Cart 0

No more products available for purchase

Is this a gift?
Estimate shipping
Pair with

Shop with confidence – if you don't absolutely love your purchase, our 14-day return policy ensures you can exchange or return it for a full refund, no questions asked.

Subtotal Free
Shipping, taxes, and discount codes are calculated at checkout

The Difference Between Solid Gold vs. Plated, Vermeil and Filled…

Illustration of how Gold Vermeil and Gold Plated look in side section

What is Gold Vermeil? What is Gold Plated jewellery? What on earth is Gold Filled jewellery? And how are they different from 100% Gold?

Don’t panic! We can help you sort through this minefield of terms so you know exactly what you’re purchasing!


At Antonia Guise I design jewellery made in Gold Vermeil (I’ll explain I promise!), so as the Founder and Designer I know a lot about the key differences and what they really mean. So, if you’ve ever wondered why the costs of these different types of Gold jewellery vary so wildly then this is the article for you. 


First thing’s first; what is 9 carat, 18 carat and 24 carat Gold jewellery? OK! So, this is obviously what it sounds like, all these pieces will be made with solid gold, and will be the most expensive jewellery you’ll find on the market. The second most common type of gold jewellery is gold plated. This means that the piece has been cast in a different metal and then plated with a small layer of gold on top to get the gold look. The main aim here is to create gold looking jewellery without the price tag of solid gold. 


Back to solid Gold. The difference between 9,18 and 24 carat is purity, with 9 carat being the least pure. A ‘carat’ is the purity measure – there are 24 possible carats meaning that 24 carat is 100% pure gold and has no other metal mixed with it. 18 carat means it scores 18/24 on the purity scale, so contains some other metals. And 9 carat scores 9/24, so is mostly other metals mixed with gold. Gold is expensive, so as we go up the purity scale the more expensive the item will be.


Solid gold jewellery legally has to be Hallmarked before it can be sold in the UK. The hallmarking process tests the purity of the metal. If it passes the tests the Assay Office apply a stamp to the piece. This means that you can easily tell whether or not the piece is actually solid gold and what carat it is by it’s gold hallmark, but that’s a whole other article.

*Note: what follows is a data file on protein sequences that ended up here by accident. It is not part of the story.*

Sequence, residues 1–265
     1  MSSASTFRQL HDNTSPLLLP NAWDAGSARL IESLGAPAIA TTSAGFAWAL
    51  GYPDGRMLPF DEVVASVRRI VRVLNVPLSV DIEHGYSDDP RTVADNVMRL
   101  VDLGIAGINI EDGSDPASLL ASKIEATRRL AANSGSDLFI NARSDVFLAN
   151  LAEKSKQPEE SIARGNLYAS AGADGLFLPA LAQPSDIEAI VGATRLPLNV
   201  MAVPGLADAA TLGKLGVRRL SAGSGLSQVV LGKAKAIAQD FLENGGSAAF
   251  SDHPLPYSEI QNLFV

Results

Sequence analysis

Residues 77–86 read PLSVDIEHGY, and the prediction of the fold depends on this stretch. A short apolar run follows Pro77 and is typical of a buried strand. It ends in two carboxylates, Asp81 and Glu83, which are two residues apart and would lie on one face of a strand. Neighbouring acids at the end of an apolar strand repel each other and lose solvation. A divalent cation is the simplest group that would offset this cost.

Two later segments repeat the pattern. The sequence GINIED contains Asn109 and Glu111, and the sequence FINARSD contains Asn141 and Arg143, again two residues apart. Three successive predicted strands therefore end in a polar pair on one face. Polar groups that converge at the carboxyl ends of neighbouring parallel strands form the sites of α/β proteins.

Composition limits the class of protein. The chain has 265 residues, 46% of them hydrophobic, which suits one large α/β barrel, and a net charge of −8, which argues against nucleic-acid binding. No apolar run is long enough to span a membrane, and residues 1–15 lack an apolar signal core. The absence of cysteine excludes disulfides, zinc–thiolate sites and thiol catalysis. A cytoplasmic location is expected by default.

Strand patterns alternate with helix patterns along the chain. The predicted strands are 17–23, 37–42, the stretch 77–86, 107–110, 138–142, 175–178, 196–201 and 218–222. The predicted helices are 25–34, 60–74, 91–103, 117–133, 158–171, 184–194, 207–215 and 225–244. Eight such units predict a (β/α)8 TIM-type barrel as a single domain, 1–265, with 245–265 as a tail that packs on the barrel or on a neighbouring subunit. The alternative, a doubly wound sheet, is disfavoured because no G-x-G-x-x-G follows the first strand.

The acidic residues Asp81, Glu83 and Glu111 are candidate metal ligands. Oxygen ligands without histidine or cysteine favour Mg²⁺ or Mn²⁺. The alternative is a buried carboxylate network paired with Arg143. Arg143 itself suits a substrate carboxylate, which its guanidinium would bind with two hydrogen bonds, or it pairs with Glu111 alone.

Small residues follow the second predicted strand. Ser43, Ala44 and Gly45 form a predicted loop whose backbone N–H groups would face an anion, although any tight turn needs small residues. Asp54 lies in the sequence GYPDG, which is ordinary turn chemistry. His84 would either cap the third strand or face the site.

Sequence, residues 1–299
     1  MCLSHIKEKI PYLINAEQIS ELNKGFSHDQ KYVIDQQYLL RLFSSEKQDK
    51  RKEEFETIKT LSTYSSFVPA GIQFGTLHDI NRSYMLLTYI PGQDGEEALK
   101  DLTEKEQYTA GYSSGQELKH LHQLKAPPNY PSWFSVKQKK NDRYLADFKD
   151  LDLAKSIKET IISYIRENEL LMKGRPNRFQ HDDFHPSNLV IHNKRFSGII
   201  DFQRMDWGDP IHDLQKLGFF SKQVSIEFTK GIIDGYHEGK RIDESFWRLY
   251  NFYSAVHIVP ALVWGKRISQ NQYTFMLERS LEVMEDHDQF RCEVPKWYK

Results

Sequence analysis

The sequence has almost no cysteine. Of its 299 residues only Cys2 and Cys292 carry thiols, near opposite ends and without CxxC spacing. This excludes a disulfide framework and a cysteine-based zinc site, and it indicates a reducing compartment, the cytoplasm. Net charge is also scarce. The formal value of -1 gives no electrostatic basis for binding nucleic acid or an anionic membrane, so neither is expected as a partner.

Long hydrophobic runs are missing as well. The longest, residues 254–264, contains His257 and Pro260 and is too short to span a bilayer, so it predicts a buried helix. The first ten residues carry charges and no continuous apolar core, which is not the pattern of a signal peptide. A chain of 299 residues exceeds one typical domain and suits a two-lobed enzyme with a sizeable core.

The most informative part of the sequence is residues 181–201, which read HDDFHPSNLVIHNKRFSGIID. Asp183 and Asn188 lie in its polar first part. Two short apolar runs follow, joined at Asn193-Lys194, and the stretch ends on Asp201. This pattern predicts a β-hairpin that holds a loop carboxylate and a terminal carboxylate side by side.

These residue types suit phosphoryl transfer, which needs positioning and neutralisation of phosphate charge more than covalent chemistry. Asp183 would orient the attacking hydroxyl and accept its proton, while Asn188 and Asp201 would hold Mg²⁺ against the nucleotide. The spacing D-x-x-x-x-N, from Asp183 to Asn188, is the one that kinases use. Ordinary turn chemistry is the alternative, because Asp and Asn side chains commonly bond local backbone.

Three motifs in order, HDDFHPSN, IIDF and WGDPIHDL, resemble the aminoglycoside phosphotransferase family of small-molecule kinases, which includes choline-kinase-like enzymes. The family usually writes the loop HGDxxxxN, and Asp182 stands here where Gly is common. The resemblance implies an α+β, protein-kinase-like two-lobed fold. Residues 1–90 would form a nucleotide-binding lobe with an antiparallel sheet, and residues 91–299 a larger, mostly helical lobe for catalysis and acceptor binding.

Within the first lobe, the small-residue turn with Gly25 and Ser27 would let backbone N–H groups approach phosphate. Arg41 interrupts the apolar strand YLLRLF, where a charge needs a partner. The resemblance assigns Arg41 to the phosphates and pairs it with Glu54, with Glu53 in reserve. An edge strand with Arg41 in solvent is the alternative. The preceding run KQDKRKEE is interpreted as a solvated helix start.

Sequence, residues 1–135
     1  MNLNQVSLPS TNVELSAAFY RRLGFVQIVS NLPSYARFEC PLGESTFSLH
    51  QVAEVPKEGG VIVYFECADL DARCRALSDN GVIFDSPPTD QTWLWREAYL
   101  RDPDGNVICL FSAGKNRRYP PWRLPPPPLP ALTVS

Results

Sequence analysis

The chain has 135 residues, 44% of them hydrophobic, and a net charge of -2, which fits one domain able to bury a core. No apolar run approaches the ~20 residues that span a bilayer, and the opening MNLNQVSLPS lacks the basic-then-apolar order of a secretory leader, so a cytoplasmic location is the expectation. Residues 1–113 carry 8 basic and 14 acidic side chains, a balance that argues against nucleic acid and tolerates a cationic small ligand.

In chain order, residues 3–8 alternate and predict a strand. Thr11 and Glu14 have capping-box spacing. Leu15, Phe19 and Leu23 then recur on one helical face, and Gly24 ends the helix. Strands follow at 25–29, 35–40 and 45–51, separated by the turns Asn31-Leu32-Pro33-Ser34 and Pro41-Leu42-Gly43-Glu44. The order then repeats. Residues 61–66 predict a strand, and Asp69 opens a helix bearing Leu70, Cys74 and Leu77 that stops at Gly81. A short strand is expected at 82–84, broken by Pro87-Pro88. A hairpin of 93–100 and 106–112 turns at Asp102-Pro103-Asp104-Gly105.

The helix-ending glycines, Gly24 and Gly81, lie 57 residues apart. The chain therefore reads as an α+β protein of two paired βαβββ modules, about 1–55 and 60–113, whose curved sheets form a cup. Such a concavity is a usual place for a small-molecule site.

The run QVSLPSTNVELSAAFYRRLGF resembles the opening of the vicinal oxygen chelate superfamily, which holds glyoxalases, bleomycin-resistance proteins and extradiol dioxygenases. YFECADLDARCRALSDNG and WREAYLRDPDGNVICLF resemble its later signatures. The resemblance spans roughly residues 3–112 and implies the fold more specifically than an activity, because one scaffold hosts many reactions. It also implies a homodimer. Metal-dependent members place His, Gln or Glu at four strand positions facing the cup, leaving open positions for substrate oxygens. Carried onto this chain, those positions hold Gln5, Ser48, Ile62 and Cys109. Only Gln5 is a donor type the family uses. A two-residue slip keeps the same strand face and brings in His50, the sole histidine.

Gold plated jewellery is designed to look like gold for a fraction of the price. There are various different combinations of Gold plating. At the bottom end of the market there is brass plated in gold, this will be the cheapest as brass is extremely cheap. Then there is bronze plated in gold, and finally at the top end of the market there is Silver plated in gold, which is also known as Gold Vermeil. 


The plating is done via electrolysis. A thin layer of gold (known as a micron) is applied to the surface of another metal using an alkaline gold plating solution and electricity. There can be up to 3 microns of plating per piece. The thicker the layer of gold, the more long lasting the plate is. 


Gold plated jewellery will sometimes have a hallmark too. If it’s been cast in silver and then plated in gold and weighs over 11 grams the piece legally requires hallmarking the same as gold. However silver has a different mark from Gold – again a whole other article – which is how you can tell the difference. 


The term Gold Filled generally only applies to chains. The term refers to the fact that the main body of the jewellery is sterling silver or base metal with a thin layer of gold bonded around it, using a different method to Gold Plating. 


The main difference between the two main types of gold is in terms of day to day wear and tear. Solid gold won’t tarnish over time, it might become scratched, but generally won’t lose its shine. 


Gold Vermeil pieces do tend to tarnish or oxidise over time as the silver underneath is exposed to oxygen in the atmosphere and water. It also might dull and the layer of gold wear off gradually, but the jewellery can always be re-plated and return to it’s original lustre. At Antonia Guise all our Gold Vermeil jewellery comes with a 3 year guarantee meaning we’ll cover any re-plating your piece may need. 


The fact is that when it’s cared for properly most people wouldn’t be able to tell the difference between your solid gold ring and a gold vermeil one. It really comes down to what you’re looking for.


At Antonia Guise we work with both solid gold and gold vermeil. Our bespoke engagement rings are all made with 18ct gold and our ready to wear range is made of Gold Vermeil. If you have any questions regarding bespoke pieces then I’m always happy to help. Drop me an email and I’ll get back to you.